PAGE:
With funding support from USAID, FHI/China in late 2006 pioneered a new approach: the ‘Mother Helping Mothers’ intervention implemented by the Green Garden IDU project in Gejiu. Two volunteer mothers joined the project to help their own children and to change other parents’ attitudes toward IDU interventions. Many IDUs’ families initially ignored the volunteer mothers’ home visits, until the mothers invited them to participate in drop-in centre activities intended to help poor IDU families. These efforts changed attitudes, and more IDUs and their parents began to become involved in activities organised by the mothers on HIV prevention, care and support; harm reduction and MMT promotion; home visits for IDU families; stigma and discrimination reduction activities for community members; and job searching for former drug users.

Outcome -

Between September 2009 and October 2012, the ‘Mother Helping Mothers’ intervention reached 318 IDUs through home visits, and 1,612 community members. An IDU survey in Gejiu in 2010 revealed that IDUs who received home visits reported decreased needle sharing (87.7% never shared needles, 23.1% shared in the past 6 months, and 18.8% in the past month). This model can be an innovative approach to harm reduction in Asian cultures where family ties are strong.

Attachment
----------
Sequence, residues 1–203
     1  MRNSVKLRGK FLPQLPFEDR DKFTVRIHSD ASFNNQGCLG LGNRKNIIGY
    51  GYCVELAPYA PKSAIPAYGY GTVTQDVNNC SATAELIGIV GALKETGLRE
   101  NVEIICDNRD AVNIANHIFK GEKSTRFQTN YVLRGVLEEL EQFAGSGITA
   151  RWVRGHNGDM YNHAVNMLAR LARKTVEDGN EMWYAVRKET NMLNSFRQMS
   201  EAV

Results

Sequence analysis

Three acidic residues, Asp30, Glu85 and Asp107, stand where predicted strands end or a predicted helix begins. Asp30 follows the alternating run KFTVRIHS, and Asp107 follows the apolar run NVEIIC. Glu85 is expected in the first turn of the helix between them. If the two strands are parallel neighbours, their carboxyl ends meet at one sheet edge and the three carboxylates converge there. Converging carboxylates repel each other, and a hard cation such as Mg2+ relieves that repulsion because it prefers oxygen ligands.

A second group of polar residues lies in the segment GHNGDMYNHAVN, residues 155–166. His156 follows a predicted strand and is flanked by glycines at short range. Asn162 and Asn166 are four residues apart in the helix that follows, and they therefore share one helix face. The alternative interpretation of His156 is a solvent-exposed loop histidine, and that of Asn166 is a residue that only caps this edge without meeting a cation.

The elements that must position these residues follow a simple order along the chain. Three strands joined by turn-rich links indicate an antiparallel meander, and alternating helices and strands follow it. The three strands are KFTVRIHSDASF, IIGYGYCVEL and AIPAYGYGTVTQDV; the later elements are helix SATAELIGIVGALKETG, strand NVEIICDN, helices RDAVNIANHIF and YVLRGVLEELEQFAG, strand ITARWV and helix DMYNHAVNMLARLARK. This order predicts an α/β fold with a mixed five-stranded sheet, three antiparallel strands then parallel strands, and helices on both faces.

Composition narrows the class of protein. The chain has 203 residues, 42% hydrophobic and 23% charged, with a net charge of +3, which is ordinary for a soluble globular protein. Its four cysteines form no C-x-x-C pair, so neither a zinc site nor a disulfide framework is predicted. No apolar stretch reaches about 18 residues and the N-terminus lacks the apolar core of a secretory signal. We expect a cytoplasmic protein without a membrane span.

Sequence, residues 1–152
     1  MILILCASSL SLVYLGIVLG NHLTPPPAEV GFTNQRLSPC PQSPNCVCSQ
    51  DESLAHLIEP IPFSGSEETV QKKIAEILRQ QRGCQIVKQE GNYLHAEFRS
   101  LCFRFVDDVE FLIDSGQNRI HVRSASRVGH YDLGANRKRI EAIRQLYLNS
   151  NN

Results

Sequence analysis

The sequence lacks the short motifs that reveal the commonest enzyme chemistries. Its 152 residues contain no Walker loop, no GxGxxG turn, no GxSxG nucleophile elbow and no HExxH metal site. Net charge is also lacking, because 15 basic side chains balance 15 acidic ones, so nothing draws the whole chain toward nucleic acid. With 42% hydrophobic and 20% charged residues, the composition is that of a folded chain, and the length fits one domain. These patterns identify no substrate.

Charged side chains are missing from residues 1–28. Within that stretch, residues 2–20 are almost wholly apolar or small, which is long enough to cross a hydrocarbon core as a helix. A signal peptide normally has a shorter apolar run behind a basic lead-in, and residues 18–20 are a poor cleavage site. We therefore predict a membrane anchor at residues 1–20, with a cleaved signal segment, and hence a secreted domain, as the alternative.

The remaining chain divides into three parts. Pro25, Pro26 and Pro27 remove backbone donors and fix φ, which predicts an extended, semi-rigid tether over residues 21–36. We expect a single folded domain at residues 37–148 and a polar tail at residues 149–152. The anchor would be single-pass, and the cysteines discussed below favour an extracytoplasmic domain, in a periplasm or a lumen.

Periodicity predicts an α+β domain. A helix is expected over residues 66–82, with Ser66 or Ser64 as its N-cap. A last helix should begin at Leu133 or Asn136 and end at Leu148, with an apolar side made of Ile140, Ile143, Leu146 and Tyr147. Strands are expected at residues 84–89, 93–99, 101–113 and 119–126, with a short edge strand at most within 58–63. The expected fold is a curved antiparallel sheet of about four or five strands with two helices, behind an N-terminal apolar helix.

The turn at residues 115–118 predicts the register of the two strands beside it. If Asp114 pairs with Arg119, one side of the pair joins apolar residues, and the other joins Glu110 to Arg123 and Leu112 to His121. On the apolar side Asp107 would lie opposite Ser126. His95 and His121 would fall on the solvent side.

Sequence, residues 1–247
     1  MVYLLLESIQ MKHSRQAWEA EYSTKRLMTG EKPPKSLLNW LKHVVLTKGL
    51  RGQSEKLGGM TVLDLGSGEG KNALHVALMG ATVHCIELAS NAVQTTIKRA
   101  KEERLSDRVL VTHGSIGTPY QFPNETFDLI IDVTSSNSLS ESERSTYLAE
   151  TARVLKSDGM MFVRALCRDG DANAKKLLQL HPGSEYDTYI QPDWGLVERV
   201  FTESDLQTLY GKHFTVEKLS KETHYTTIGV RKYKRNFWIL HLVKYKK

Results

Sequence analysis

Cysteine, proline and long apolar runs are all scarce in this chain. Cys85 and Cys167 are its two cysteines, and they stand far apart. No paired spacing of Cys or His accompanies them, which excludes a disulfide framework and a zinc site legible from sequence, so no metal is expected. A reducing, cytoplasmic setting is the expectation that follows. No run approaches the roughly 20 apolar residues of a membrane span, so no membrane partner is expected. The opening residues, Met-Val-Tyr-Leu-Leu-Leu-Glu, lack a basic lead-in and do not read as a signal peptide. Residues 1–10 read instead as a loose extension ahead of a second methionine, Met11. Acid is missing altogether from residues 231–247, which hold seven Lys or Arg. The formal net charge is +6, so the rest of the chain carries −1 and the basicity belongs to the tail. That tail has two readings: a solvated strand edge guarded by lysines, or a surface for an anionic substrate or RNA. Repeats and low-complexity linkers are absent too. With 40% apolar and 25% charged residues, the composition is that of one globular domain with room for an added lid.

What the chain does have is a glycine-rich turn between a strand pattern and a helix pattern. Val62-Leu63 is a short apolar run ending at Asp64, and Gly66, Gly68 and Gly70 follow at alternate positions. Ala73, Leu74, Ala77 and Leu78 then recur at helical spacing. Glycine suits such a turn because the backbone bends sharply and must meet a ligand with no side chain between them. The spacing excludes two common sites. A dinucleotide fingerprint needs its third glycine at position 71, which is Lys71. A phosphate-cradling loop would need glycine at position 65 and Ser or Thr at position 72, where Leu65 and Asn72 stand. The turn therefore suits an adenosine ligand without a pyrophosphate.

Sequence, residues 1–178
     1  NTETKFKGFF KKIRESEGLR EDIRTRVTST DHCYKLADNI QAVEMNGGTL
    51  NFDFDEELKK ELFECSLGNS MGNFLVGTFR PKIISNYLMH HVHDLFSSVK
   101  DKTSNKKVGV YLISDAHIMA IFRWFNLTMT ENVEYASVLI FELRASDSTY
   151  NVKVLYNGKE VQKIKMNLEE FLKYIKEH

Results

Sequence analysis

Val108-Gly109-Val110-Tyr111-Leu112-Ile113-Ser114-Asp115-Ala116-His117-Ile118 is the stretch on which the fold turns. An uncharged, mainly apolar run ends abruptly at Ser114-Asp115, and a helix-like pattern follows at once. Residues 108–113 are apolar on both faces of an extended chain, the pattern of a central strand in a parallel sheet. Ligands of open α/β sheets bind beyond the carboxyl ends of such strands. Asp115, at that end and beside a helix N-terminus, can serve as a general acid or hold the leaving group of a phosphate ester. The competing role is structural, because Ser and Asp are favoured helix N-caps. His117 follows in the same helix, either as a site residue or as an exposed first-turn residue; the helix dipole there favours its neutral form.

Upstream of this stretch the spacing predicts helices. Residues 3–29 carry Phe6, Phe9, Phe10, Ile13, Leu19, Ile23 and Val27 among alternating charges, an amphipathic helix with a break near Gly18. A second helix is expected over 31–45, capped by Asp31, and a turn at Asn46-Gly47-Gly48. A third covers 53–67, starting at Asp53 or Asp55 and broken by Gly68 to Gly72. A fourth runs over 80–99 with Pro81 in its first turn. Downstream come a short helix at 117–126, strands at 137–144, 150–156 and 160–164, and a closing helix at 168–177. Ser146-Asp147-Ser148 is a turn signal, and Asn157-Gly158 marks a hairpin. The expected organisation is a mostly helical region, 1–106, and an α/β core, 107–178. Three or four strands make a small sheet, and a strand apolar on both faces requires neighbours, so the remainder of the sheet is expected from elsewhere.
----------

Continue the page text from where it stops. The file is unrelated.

Posters are ideal for current projects which are either at the proposal stage or are work in progress; for data best displayed visually and for those whose English may not be quite good enough for an oral presentation.

At the conference, all poster presenters are given a large pinboard or equivalent presentation opportunity to put up material describing their work for one day. New for HR23, all poster presenters will have the option to record a short video of themselves talking about their poster and this video will be uploaded to the conference app.

Please note that scholarship applications cannot be made by those submitting poster abstracts.

There is no set way to lay out a poster abstract, but you might like to consider using one of the following formats for ease:

Submit your abstract now

Here is an example of an effective abstract:

TYPE: Poster

TRACK: Practice

AUTHORS: Mr Joe Bloggs